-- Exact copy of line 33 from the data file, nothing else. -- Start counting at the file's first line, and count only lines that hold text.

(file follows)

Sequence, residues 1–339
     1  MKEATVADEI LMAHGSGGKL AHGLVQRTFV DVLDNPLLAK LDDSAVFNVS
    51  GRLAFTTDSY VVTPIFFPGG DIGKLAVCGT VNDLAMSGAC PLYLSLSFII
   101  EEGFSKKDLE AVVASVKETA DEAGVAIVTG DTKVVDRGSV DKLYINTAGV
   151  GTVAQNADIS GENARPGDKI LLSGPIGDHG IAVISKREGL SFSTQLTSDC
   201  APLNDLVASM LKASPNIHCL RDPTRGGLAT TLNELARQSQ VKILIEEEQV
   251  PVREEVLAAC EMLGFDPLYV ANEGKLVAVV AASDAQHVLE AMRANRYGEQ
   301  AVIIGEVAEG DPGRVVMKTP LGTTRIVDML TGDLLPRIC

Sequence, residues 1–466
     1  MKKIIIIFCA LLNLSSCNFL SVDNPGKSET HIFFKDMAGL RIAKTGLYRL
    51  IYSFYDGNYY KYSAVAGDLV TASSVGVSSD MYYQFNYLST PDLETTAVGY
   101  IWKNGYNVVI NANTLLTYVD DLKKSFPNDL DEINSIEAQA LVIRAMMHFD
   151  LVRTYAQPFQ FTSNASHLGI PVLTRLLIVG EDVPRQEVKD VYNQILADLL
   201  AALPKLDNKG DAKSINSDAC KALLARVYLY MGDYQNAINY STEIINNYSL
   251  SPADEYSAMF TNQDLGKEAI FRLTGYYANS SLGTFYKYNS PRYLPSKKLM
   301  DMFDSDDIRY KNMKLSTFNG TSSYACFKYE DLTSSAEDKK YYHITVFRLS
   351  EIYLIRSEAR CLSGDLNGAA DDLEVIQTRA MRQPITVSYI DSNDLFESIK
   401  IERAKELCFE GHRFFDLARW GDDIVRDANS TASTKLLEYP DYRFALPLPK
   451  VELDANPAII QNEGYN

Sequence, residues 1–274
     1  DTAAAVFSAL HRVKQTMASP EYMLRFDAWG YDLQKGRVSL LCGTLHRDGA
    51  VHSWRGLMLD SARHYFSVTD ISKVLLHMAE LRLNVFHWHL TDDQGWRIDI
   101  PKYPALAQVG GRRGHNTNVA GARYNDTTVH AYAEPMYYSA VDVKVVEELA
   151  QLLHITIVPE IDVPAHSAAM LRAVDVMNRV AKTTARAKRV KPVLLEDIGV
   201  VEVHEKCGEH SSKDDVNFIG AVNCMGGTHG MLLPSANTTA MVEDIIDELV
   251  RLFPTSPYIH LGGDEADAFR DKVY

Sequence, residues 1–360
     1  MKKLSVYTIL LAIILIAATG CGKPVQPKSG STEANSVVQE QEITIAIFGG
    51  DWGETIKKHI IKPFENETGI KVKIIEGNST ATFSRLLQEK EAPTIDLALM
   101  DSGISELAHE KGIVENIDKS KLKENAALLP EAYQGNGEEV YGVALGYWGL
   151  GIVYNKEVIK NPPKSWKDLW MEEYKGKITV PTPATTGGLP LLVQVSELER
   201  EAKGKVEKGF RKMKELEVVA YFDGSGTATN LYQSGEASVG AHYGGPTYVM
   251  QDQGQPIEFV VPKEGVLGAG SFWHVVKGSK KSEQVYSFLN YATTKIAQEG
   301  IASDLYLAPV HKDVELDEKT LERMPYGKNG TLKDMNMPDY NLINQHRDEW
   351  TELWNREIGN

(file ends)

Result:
   251  QDQGQPIEFV VPKEGVLGAG SFWHVVKGSK KSEQVYSFLN YATTKIAQEG